One tool to comply with multiple regulations and strengthen compliance at the same time: that’s a lean compliance technique.
How do I begin to create role-based training assignments when there might be hundreds or thousands of SOPs and policies?
The key challenge is to avoid getting lost in the details. Training everyone on everything is nice in theory, but breaks down quickly in practice; the larger an organization, the more unwieldy and ineffective the training will become.
Traditionally, there are two choices in how to tackle role-based training:
- Work with your local HR/personnel department to idenfity overall training requirements for each functional group; OR
- Work with each functional leader (department heads, team leads, etc.) to do the same.
I advocate a more practical, flexible lean compliance approach:
Assemble a temporary, working group of representatives from each functional area and HR to carve out initial sets of "buckets." In essence, everyone in functional group X gets trained on SOPs 1 and 2; everyone in functional group Z gets trained on SOPs 2, 3, and 4; everyone in functional group A, gets trained on SOPs 4, 5, and 6; and so on.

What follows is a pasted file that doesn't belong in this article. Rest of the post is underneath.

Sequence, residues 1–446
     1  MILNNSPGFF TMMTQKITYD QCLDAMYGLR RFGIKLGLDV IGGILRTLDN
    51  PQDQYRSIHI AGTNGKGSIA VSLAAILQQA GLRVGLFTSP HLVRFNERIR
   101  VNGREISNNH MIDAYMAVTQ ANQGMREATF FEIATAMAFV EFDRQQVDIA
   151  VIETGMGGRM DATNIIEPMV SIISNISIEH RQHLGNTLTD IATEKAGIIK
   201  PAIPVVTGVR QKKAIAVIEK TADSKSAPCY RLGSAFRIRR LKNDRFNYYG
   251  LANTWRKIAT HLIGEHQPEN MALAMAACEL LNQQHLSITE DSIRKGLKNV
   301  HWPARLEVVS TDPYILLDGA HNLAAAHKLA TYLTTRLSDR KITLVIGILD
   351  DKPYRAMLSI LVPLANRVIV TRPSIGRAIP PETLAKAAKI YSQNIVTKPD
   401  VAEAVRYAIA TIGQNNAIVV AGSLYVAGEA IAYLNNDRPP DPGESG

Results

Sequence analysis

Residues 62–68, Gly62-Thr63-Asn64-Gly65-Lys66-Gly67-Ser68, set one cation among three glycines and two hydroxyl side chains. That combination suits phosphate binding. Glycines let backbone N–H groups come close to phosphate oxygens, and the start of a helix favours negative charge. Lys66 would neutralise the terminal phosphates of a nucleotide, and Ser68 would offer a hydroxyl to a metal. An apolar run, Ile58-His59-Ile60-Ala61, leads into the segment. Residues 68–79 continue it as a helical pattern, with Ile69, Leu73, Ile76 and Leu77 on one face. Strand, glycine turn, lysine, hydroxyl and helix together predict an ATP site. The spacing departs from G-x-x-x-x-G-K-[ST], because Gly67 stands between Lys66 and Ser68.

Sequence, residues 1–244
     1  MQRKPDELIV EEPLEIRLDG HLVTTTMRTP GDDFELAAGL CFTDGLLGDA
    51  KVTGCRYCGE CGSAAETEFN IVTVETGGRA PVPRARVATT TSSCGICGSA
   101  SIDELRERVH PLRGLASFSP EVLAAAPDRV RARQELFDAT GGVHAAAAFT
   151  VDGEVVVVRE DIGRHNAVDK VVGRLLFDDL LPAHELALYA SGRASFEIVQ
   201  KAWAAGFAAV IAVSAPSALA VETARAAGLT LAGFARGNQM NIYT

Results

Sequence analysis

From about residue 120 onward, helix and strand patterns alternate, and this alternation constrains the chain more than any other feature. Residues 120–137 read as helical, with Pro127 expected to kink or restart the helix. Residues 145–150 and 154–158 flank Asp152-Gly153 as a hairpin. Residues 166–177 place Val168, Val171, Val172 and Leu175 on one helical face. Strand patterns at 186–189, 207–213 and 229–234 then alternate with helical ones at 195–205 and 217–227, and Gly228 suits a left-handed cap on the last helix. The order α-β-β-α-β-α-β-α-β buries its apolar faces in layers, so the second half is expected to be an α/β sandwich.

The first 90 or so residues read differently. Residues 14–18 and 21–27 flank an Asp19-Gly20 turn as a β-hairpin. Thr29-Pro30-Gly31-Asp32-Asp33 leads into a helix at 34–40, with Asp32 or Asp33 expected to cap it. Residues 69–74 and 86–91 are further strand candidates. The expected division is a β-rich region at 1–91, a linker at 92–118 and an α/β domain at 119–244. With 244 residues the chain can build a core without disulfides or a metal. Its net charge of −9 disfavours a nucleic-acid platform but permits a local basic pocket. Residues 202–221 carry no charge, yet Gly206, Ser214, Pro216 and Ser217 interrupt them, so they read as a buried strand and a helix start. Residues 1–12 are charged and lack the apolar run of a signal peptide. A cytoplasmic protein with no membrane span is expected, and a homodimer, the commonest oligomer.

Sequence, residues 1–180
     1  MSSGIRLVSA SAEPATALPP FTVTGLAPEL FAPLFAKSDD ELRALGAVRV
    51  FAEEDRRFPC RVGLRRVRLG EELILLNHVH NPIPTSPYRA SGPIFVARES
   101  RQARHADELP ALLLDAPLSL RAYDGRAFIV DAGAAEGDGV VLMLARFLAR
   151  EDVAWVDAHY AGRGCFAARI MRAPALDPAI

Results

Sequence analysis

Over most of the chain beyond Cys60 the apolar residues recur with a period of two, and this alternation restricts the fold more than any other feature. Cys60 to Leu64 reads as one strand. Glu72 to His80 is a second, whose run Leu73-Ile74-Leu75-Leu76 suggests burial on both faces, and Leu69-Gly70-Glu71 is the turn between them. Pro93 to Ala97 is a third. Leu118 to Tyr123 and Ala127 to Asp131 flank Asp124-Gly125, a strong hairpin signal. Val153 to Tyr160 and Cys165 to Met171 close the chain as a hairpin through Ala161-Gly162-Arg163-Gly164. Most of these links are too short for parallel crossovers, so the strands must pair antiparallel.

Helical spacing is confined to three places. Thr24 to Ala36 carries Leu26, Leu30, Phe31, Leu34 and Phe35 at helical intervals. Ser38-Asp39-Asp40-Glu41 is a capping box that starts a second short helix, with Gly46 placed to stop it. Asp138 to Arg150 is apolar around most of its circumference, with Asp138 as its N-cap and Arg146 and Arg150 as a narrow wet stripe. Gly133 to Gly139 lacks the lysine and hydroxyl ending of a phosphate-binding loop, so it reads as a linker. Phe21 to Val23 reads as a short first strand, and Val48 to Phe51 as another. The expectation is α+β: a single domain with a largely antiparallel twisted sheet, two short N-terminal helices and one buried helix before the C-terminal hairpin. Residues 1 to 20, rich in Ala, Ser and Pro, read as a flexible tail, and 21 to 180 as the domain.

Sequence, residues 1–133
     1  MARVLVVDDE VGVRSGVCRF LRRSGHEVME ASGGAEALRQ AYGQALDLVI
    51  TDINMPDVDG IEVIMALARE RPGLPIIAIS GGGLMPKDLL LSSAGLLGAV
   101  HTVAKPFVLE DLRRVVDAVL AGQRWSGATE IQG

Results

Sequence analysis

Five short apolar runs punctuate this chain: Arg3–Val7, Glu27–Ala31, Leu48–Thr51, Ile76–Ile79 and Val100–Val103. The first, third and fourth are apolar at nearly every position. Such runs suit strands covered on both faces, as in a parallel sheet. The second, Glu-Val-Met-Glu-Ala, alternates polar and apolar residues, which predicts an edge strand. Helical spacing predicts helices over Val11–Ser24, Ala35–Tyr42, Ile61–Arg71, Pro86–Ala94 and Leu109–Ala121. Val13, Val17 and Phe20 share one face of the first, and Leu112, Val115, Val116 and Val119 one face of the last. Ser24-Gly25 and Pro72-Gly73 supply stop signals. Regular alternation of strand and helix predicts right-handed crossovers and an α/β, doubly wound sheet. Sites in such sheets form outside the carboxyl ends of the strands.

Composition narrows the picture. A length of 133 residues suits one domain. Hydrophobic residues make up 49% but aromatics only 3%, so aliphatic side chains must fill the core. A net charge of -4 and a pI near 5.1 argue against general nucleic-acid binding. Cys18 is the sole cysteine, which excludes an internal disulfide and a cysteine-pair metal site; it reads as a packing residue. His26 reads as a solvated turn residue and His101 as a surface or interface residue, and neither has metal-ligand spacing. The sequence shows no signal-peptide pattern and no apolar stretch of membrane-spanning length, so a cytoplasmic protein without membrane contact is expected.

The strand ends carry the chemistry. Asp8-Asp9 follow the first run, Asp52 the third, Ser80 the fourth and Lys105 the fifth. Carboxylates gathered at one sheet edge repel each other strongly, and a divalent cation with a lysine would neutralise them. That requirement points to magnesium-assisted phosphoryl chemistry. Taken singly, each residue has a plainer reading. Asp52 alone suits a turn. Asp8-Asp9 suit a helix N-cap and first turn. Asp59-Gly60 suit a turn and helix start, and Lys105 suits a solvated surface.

That's the core initial population of the Training Matrix.
Then, I take that initial populated draft of the Training Matrix and go to each department head to review, tweak, answer questions, and verify. After the quick verification sessions with the department heads, the Training Matrix is now fully populated, the functional heads and their direct reports are happy, and so is HR. It's a win-win-win.
And I don't worry about "is the Training Matrix perfect?" because it is - as I noted above - a "living document" that will get modified as time goes on.
This can also help reduce the drag of training on productivity. The more time spent in training, the less revenue-generating work is completed. Thus, the goal of the business is to have the minimum amount of training necessary; in other words, to balance compliance with profitability.
FDA lean compliance provides a company defensibility with records while reducing overhead, strengthening compliance, and improving profitability.